Will the Health Care Summit Pay Off for Obama?

With momentum coming out of the Senate jobs bill passage, the POTUS may finally have the GOP where he wants it.

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Getty Images

Cantor versus Rangel. Boehner versus Biden. Getting health care done versus more of the same. The White House summit to debate health care reform is being characterized as a political cage match with the highest of stakes. But the meeting is also a story of Obama versus Obama. Throughout the debate over what is now the signature legislative issue of his young presidency, Obama has tried to balance the cool-headed technocrat, preaching cost containment with Congressional Budget Office statistics, and the progressive true believer who once told America he was “fired up and ready to go.”

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Taking a page from the candidate Obama, the president circumvented a congressional stalemate and posted his own wishes for health care reform at the White House Web site in advance of Thursday’s big meeting, to be attended by key legislators from both parties. The draft, which is designed for passage in the next few weeks, generally follows the template set out by the bill passed by the Senate before Christmas 2009. It includes new, more populist regulations that punish insurers like Blue Cross in California that unexpectedly hike premiums, as well as the long-discussed provisions that cover more Americans, streamline medical administration, reduce long term deficits and prevent discrimination based on preexisting conditions.

There won’t be beer, and there might not even be cooperation. So why hold another “summit” at the White House?


Summiting an Uphill Battle

The official line from the administration is that they expect all parties to sit down, lions with lambs, and hash out a deal to address the broken health insurance system. “That’s what the American people want Democrats and Republicans to do in Washington,” said White House spokesman Robert Gibbs.

But it’s also a major test for the president, who has laid a landslide election’s worth of political capital on the line for the cause of health reform. Whether he likes it or not, the outcome of this summit will determine what he can get done in the time left to him in Washington, and how many Americans answer the question conservative critic Sarah Palin asked at the recent tea party convention in Nashville: “How’s that hopey-changey thing working out for you?”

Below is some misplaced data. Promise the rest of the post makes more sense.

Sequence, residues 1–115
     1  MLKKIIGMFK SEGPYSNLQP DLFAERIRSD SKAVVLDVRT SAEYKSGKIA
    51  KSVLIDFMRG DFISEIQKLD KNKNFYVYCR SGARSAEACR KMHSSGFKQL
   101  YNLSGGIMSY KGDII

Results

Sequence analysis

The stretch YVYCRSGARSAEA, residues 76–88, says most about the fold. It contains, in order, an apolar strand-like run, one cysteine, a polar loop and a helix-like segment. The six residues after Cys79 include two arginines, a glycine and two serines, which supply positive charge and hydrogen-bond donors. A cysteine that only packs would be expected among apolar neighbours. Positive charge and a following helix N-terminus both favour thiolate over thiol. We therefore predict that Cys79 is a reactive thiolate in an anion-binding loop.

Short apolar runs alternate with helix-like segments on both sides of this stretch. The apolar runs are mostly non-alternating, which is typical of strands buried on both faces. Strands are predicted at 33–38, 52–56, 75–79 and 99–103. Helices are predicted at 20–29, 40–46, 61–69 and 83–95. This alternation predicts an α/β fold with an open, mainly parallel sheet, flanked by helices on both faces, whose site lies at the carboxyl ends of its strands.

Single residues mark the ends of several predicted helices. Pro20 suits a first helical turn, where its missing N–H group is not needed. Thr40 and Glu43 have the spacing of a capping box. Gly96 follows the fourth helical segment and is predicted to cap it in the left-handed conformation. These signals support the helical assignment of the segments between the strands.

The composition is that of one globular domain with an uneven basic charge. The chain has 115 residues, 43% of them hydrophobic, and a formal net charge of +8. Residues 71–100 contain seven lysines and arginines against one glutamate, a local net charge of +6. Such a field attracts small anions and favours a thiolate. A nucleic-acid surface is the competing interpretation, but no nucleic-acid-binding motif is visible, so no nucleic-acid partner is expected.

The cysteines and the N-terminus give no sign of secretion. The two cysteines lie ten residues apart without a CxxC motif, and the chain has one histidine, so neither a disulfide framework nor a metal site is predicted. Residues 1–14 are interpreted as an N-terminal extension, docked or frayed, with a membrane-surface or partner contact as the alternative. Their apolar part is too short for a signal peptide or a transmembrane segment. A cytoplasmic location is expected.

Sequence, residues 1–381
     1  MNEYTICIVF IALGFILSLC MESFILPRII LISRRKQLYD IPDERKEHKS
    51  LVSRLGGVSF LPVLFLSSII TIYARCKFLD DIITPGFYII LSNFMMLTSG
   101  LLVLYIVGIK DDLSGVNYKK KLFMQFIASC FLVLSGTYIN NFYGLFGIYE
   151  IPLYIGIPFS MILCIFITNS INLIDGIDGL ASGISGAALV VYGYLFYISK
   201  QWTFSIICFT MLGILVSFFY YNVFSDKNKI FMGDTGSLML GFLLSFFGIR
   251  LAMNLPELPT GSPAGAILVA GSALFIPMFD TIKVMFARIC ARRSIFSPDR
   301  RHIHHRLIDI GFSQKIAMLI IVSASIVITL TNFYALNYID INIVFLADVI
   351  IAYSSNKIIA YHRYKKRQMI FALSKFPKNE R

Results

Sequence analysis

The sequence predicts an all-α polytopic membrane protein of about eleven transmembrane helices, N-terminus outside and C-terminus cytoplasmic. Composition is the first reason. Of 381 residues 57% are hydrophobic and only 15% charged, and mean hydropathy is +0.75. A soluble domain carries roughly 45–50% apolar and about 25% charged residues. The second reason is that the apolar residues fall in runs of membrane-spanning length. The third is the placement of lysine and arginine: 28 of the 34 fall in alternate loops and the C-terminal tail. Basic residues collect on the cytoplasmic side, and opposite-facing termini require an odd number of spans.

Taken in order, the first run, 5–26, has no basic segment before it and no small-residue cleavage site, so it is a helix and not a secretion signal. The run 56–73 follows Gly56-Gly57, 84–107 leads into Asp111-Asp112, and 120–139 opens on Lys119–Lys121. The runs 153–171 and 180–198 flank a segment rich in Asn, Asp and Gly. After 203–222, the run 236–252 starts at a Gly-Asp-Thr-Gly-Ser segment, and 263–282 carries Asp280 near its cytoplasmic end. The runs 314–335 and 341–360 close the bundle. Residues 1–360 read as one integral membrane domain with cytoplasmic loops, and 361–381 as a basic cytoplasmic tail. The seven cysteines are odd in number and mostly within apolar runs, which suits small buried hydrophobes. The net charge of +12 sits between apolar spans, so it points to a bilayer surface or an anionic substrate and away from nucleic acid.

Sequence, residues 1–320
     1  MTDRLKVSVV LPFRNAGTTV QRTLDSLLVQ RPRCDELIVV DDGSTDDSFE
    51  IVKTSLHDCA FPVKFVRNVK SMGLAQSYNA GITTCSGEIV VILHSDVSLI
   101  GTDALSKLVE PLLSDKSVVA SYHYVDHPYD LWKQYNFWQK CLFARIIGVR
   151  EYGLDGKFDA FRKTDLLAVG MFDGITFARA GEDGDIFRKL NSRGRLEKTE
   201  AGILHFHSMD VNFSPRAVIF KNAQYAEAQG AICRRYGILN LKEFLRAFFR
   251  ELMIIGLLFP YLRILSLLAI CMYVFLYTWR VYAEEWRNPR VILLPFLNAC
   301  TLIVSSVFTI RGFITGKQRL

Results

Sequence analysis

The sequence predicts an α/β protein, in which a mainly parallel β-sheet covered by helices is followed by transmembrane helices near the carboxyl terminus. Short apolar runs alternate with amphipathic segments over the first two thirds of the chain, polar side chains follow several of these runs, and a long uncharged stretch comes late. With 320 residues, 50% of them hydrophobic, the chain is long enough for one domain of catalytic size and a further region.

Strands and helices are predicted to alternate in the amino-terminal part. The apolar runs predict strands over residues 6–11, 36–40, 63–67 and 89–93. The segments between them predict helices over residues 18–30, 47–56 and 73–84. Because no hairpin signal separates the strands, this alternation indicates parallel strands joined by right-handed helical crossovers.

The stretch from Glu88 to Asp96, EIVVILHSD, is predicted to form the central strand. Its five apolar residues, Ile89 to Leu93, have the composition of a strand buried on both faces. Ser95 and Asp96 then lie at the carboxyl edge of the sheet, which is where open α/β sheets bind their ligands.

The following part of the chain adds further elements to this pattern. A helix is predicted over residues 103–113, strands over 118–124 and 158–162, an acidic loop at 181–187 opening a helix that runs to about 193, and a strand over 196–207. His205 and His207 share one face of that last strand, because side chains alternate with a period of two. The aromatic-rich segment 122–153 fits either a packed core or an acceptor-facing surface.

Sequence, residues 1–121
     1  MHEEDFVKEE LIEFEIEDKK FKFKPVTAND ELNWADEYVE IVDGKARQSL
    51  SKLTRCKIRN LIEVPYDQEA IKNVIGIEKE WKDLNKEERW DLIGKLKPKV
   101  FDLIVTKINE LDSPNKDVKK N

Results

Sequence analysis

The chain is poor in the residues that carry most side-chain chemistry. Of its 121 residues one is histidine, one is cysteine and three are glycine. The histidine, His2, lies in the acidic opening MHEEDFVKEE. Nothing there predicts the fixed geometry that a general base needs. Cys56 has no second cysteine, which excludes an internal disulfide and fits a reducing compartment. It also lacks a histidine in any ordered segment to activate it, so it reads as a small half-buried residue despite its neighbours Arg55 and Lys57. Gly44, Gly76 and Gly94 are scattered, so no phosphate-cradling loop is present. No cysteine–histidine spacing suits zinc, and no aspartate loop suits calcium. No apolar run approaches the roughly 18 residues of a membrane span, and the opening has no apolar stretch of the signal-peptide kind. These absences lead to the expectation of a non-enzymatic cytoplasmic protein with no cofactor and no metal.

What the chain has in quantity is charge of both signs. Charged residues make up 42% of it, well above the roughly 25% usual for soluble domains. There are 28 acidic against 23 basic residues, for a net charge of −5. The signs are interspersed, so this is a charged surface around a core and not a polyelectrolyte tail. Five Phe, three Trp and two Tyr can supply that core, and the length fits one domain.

Republicans contend that their participation in the summit is mere political theater for a president obsessed with appearing to be bipartisan. Rep. John Boehner, the House minority leader, called the meeting “a Democratic infomercial for continuing on a partisan course that relies on more backroom deals and parliamentary tricks to circumvent the will of the American people.” They have posted their own version of health care legislation and are adamant that it be considered at the summit. “If we really want to create something that will work, we need to start from scratch on a new proposal,” said Sen. Orrin Hatch, R-Utah.

It remains to be seen whether Thursday’s meeting will be a sensible debate between colleagues or a publicly broadcast brawl.

The stalemate on health care has been a product of Democratic fears, Republican defiance and legitimate wrestling matches over the terms of a final bill. It’s also because Obama—aside from some grand speeches—has left the public-relations campaign up to unpopular legislators. Most of the factors leading to the stalemate still exist: compromises on excise taxes on benefits for so-called “Cadillac plans” that would disproportionately affect union families, or agreements on abortion and family planning coverage, for example, have yet to be reached. And Democratic senators continue to push for the once-dead “public option,” which would allow a government-administered insurance option to compete with private providers in new insurance exchanges.

Putting Pressure on the Party of “No”

But today, Obama can step into the spotlight and, for the first time, tell legislators exactly what he wants done. He can also look to the recent and surprising 70-28 Senate vote for a comprehensive job creation bill as a sign that Congress is finally getting serious about passing legislation—and he may have put an end Republican obstructionism.